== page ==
The Arlington County Board yesterday unanimously approved plans for a $200 million luxury condominium and office complex near Crystal City despite protests from federal officials that the project will ruin the scenic vistas along the George Washington Parkway.
Several Arlington civic leaders also complained that the project -- to be built by the Charles E. Smith Co., a major Washington developer -- will exacerbate traffic congestion along Jefferson Davis Highway (Rte. 1).
The complex, originally called Airport City and recently renamed Crystal Park, is to be erected on 50 acres of land, now occupied by railroad tracks, between Crystal City and National Airport.
Construction of the new complex, which will contain a row of nine 12-story buildings with 600 condominium units, 2.2 million square feet of office space and a three-story parking garage, isn't expected to begin until the tracks are moved closer to the parkway.
The Smith firm agreed to contribute $100,000 -- $50,000 less than the National Park Service requested -- to plant trees and landscape the area near the parkway so the project will be less visible to motorists.
"This plan is the result of many years of Charles E. Smith experience," Barnes Lawson, the firm's attorney, told the Arlington board yesterday. "This is not some idiocy we just plunked on a model," he said, gesturing toward a model of the complex.
"All these things have been done by competent professionals," said Lawson. He said he was baffled by federal objections that the row-like buildings would mar the vistas along the parkway.
The National Capital Planning Commission and the National Park Service said that moving the tracks close to the parkway would ruin its scenic effect and objected to the "wall-like visual impact" the buildings would have.
Approval of the project was not a surprise, because members of the county board have long given priority to improving Arlington's tax base and strongly have resisted federal pressures to limit developments along the Potomac River in the county.
Arlington tax revenues ot about $2.4 million are expected to be generated by the complex.
Louise Chestnut an Arlington civic activist, said she thought it was "very stupid on the part of the county" to encourage further traffic congestion by approving the project. "Maybe we should just petition the General Assembly to change the name of Arlington to Smith County," Chestnut suggested.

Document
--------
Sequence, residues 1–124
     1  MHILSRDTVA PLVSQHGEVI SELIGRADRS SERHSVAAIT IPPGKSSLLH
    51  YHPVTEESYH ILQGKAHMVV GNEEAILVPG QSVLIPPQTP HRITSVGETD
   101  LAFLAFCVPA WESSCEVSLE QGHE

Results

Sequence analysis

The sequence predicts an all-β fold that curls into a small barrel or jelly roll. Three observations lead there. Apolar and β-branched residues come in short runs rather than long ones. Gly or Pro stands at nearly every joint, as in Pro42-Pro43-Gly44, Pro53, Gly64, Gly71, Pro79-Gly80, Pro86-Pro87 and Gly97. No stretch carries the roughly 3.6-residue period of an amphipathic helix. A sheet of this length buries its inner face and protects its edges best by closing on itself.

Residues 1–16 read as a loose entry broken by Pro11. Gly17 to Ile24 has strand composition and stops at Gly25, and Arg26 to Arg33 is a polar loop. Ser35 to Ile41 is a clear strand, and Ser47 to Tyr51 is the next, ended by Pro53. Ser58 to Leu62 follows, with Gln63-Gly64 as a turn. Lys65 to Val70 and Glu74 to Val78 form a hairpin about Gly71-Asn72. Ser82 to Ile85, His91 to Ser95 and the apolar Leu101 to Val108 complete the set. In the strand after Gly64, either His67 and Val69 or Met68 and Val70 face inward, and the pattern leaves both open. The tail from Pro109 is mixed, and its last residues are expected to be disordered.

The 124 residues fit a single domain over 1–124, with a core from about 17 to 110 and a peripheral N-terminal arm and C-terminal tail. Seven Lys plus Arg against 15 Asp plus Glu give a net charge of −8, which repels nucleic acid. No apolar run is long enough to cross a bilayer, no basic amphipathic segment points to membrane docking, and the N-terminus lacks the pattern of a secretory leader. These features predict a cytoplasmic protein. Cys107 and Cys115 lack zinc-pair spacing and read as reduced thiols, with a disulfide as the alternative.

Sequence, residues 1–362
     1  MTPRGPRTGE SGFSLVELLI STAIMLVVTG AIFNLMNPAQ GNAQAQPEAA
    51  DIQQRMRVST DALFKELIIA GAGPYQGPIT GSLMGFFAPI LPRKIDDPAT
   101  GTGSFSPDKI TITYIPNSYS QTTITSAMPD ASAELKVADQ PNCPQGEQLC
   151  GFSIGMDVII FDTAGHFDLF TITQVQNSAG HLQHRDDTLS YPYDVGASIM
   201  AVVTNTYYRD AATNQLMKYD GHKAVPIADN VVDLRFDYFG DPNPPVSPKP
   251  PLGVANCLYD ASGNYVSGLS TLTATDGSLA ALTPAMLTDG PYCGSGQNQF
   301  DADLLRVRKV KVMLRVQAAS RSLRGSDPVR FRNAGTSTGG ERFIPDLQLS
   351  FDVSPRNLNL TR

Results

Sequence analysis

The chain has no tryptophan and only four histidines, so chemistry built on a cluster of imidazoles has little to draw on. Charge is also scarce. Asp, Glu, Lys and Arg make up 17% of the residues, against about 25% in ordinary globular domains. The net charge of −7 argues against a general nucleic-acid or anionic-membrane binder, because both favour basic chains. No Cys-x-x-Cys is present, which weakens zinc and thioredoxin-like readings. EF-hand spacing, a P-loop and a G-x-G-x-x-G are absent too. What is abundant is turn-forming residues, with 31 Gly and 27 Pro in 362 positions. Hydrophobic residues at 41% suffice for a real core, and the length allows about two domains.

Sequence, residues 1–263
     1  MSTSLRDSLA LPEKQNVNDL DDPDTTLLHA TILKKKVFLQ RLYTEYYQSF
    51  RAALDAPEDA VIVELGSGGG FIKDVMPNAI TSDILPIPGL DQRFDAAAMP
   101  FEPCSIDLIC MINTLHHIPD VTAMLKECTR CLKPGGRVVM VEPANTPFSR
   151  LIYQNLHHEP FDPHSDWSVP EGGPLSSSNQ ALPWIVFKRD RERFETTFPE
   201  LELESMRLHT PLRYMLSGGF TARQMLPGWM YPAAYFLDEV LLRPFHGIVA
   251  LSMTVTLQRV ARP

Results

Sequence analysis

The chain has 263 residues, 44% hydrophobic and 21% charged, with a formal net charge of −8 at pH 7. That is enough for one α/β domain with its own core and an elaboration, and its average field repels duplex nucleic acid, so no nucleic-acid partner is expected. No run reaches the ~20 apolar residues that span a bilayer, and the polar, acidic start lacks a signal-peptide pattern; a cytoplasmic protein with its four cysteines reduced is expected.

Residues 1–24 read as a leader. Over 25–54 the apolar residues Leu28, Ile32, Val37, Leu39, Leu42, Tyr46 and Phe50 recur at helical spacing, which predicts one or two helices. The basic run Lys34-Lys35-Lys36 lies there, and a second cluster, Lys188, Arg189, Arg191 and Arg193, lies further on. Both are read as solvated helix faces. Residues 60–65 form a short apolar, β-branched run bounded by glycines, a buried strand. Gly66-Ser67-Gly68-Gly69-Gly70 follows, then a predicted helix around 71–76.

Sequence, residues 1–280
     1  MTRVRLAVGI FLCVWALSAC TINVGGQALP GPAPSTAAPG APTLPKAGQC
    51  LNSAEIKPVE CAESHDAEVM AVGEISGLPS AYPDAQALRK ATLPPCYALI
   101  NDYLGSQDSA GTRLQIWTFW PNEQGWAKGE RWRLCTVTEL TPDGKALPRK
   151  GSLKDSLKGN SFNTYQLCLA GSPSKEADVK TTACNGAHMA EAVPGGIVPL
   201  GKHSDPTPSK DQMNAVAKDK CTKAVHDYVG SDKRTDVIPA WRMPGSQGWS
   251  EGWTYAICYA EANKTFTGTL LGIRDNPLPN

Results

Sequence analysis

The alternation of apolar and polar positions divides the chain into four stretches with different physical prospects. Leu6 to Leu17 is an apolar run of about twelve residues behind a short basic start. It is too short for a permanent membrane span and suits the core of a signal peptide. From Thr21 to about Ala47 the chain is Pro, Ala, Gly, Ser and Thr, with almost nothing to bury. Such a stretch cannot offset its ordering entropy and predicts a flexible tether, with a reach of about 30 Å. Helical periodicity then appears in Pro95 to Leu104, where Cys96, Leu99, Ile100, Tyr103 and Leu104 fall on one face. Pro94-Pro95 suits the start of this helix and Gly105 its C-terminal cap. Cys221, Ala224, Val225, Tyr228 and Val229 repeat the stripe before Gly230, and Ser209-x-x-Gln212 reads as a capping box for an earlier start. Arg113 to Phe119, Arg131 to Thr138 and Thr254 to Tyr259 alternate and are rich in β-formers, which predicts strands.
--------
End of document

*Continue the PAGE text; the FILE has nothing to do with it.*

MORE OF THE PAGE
"I like the name Arlington County very much," retorted Robert Smith, head of the Smith Co., he then reminded the board taht he would provide an estimated $500,000 in street improvements if the project were approved.
County planners, who supported the project, urged the board to approve it because it provides housing, something conspicuously lacking in Rosslyn, North Arlington's high rise office development.
"Obviously that [the housing] was not done as an altruistic move on the part of the Smith Co.," said Dick Herbst, president of the Arlington Ridge Civic Association which opposed Crystal Park. "I would like to see someone use a little more imagination when they design something. We simply to not appreciate continued, massive traffic congestion in South Arlington."
It was not traffic, but whether Smith should provide $150,000 or $100,000 to the Park Service to plant trees received lengthy consideration during yesterday's discussion.
Board members Ellen M. Bozman and Dorothy T. Grotos favored the $150,000 request, but Smith officials stood firm in their refusal to contribute more than $100,000.
"This is such a teensy little expence" in the overall $200 million project, said Bozman, whose proposal to require the larger expenditure was narrowly defeated by the five-member board.